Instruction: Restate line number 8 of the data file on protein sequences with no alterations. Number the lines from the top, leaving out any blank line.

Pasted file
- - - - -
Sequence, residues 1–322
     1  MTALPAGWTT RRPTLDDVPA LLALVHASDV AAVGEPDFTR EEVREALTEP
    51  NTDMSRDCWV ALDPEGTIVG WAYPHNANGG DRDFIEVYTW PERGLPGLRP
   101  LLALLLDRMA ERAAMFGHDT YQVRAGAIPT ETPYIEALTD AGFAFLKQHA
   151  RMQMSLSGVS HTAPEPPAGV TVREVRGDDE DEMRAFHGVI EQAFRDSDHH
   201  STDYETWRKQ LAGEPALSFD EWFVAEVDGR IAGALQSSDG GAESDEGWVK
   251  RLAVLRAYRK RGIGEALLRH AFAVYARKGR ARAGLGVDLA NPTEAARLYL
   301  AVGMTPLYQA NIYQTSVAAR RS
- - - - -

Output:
   301  AVGMTPLYQA NIYQTSVAAR RS